But this source of error also is lessened when we are able to consider the actions and the motives of large groups of people. If we know, for instance, that a bank failure has taken £200,000 from the people of Leeds and £100,000 from those of Sheffield, we may fairly assume that the suffering caused in Leeds has been about twice as great as in Sheffield; unless indeed we have some special reason for believing that the shareholders of the bank in the one town were a richer class than those in the other; or that the loss of employment caused by it pressed in uneven proportions on the working classes in the two towns.
By far the greater number of the events with which economics deals affect in about equal proportions all the different classes of society; so that if the money measures of the happiness caused by two events are equal, it is reasonable and in accordance with common usage to regard the amounts of the happiness in the two cases as equivalent. And, further, as money is likely to be turned to the higher uses of life in about equal proportions, by any two large groups of people taken without special bias from any two parts of the western world, there is even some primâ facie probability that equal additions to their material resources will make about equal additions to the fullness of life, and the true progress of the human race.
§ 3. To pass to another point. When we speak of the measurement of desire by the action to which it forms the incentive, it is not to be supposed that we assume every action to be deliberate, and the outcome of calculation. For in this, as in every other respect, economics takes man just as he is in ordinary life: and in ordinary life people do not weigh beforehand the results of every action, whether the impulses to it come from their higher nature or their lower*7.
Now the side of life with which economics is specially concerned is that in which man's conduct is most deliberate, and in which he most often reckons up the advantages and disadvantages of any particular action before he enters on it. And further it is that side of his life in which, when he does follow habit and custom, and proceeds for the moment without calculation, the habits and customs themselves are most nearly sure to have arisen from a close and careful watching the advantages and disadvantages of different courses of conduct. There will not in general have been any formal reckoning up of two sides of a balance-sheet: but men going home from their day's work, or in their social meetings, will have said to one another, "It did not answer to do this, it would have been better to do that," and so on. What makes one course answer better than another, will not necessarily be a selfish gain, nor any material gain; and it will often have been argued that "though this or that plan saved a little trouble or a little money, yet it was not fair to others," and "it made one look mean," or "it made one feel mean."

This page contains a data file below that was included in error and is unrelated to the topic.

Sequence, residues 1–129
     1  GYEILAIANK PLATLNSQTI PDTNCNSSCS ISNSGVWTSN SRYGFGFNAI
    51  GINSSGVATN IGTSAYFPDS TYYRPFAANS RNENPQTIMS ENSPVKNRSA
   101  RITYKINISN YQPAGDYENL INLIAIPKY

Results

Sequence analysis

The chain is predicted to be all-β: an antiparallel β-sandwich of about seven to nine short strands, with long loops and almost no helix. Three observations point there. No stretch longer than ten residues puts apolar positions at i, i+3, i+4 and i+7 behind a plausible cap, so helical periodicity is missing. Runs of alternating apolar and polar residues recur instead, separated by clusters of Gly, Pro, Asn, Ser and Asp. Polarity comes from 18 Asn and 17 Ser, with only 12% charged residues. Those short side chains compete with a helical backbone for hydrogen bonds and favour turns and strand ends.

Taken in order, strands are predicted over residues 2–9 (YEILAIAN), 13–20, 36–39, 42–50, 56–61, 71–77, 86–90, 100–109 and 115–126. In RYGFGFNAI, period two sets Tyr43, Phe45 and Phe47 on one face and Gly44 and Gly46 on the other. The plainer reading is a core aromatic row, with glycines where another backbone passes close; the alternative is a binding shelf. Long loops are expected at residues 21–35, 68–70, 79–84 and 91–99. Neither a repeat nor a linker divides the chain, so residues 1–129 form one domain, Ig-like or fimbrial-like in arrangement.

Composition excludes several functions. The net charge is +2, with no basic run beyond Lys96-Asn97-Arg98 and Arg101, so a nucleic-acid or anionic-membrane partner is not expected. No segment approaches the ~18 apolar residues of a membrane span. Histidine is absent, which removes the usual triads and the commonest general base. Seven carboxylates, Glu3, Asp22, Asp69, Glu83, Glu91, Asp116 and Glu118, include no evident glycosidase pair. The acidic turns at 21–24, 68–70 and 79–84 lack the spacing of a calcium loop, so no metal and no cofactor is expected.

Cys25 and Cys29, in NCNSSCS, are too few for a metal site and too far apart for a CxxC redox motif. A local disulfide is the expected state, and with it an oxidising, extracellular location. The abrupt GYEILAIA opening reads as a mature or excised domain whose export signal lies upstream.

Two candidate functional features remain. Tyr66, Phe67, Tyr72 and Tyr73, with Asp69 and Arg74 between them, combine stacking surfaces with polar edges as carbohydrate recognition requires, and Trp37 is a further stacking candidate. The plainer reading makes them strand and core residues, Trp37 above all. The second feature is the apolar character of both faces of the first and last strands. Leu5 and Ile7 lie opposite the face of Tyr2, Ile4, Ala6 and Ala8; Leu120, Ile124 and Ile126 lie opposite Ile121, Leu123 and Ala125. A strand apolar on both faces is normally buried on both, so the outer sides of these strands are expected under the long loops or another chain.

It is true that when a habit or a custom, which has grown up under one set of conditions, influences action under other conditions, there is so far no exact relation between the effort and the end which is attained by it. In backward countries there are still many habits and customs similar to those that lead a beaver in confinement to build himself a dam; they are full of suggestiveness to the historian, and must be reckoned with by the legislator. But in business matters in the modern world such habits quickly die away.